[PATCH 4/4] dma-debug: Allow poisoning nonzero allocations
robin.murphy at arm.com
Wed Oct 7 12:17:03 PDT 2015
On 29/09/15 22:27, Andrew Morton wrote:
> If I'm understanding things correctly, some allocators zero the memory
> by default and others do not. And we have an unknown number of drivers
> which are assuming that the memory is zeroed.
That's precisely the motivation here, yes.
> If so, our options are
> a) audit all callers, find the ones which expect zeroed memory but
> aren't passing __GFP_ZERO and fix them.
> b) convert all allocators to zero the memory by default.
> Obviously, a) is better. How big a job is it?
This I'm not so sure of, hence the very tentative first step. For a very
crude guess at an an upper bound:
$ git grep -E '(dma|pci)_alloc_co(her|nsist)ent' drivers/ | wc -l
$ git grep -E '(dma|pci)_zalloc_co(her|nsist)ent' drivers/ | wc -l
noting that the vast majority of the former are still probably benign,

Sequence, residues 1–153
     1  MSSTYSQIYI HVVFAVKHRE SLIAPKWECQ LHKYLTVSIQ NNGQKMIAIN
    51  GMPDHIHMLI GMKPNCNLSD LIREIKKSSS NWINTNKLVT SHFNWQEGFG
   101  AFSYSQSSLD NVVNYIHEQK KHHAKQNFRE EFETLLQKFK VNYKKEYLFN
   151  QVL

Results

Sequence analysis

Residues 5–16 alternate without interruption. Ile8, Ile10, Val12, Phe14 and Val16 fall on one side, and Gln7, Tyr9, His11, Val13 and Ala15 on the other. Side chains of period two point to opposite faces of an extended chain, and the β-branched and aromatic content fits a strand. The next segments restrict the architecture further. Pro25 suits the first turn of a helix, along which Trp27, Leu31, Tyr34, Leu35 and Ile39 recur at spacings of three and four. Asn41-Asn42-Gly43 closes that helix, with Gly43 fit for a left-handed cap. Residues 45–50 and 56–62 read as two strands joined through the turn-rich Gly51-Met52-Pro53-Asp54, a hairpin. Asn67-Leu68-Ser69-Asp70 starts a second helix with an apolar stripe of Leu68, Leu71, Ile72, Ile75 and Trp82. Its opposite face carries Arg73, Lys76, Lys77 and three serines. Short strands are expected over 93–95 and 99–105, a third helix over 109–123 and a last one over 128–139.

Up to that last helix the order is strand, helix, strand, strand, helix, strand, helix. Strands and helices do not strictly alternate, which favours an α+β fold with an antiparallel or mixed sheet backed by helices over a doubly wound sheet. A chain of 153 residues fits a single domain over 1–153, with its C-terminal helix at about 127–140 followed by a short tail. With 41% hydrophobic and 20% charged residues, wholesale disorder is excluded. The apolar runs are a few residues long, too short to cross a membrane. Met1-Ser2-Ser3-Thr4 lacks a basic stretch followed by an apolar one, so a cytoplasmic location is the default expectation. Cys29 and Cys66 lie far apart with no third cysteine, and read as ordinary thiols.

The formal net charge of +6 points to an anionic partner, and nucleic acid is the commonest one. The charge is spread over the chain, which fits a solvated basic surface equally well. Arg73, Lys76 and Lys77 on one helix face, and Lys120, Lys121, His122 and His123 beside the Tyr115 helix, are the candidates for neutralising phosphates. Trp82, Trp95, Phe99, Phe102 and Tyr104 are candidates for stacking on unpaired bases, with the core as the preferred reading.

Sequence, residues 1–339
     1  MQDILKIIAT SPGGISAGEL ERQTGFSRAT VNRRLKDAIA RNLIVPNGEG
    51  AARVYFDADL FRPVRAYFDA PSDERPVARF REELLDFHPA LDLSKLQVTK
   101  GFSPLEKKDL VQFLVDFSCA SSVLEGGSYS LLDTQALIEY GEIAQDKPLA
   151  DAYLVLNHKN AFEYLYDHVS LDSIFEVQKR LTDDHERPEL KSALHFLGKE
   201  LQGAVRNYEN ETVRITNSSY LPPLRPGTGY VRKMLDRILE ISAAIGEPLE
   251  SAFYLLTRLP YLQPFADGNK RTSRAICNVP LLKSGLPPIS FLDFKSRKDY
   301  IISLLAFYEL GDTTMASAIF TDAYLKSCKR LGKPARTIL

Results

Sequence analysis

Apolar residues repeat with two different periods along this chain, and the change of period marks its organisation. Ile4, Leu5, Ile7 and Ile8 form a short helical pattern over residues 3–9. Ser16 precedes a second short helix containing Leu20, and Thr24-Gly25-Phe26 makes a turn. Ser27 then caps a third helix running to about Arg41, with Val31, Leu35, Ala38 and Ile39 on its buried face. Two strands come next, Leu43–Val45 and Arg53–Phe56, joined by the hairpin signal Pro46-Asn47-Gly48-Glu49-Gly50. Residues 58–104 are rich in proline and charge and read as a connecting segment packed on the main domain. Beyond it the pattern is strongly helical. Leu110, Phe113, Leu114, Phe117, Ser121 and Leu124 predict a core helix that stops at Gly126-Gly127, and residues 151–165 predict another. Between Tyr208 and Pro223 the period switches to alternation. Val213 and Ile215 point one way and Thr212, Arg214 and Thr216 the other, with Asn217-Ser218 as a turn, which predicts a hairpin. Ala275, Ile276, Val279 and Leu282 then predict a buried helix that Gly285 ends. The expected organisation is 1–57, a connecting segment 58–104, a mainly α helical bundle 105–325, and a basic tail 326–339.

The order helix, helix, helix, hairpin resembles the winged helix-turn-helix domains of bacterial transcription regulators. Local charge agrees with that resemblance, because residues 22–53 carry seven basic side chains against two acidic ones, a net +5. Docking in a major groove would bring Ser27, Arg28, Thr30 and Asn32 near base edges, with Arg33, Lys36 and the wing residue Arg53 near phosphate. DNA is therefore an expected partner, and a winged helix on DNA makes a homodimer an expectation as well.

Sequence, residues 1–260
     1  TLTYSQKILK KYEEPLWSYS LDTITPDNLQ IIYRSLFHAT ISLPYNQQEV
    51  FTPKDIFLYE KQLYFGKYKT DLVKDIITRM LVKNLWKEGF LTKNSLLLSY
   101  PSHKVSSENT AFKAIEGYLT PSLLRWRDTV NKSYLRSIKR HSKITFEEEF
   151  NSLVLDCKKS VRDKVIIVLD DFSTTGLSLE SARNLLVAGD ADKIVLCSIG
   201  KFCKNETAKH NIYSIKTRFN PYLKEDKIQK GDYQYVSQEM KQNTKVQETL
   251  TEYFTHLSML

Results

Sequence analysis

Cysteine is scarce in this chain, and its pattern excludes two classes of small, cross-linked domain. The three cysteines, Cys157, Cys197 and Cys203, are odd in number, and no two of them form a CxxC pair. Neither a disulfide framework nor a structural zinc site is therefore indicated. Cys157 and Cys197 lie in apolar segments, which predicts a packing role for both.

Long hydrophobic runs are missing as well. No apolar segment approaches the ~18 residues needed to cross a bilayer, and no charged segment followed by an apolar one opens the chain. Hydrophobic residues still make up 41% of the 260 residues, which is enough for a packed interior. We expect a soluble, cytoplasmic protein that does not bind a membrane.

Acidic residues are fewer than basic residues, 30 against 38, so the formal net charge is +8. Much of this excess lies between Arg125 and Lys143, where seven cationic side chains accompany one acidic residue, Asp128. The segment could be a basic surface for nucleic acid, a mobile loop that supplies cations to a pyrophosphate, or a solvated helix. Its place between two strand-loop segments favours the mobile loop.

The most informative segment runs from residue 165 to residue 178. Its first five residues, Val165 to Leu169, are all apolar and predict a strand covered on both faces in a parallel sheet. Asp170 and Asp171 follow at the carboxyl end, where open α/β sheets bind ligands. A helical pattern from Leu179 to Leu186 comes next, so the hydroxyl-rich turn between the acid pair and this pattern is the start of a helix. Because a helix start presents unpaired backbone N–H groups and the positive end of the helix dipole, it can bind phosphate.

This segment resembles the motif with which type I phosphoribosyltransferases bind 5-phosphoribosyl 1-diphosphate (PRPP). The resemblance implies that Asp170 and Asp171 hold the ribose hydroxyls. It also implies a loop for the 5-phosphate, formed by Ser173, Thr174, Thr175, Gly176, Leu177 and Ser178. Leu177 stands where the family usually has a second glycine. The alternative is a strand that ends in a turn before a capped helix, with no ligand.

but picking out those which aren't from the code alone without knowledge
of and/or access to the hardware might be non-trivial.
> This patch will help the process, if people use it.
>>>> + if (IS_ENABLED(CONFIG_DMA_API_DEBUG_POISON) && !(flags & __GFP_ZERO))
>>>> + memset(virt, DMA_ALLOC_POISON, size);
>>> This is likely to be slow in the case of non-cached memory and large
>>> allocations. The config option should come with a warning.
>> It depends on DMA_API_DEBUG, which already has a stern performance
>> warning, is additionally hidden behind EXPERT, and carries a slightly
>> flippant yet largely truthful warning that actually using it could break
>> pretty much every driver in your system; is that not enough?
> It might be helpful to provide a runtime knob as well - having to
> rebuild&reinstall just to enable/disable this feature is a bit painful.
Good point - there's always the global DMA debug disable knob, but this
particular feature probably does warrant finer-grained control to be
really practical. Having thought about it some more, it's also probably
wrong that this doesn't respect the dma_debug_driver filter, given that
it is actually invasive; in fixing that, how about if it also *only*
applied when a specific driver is filtered? Then there would be no
problematic "break anything and everything" mode, and the existing
debugfs controls should suffice.
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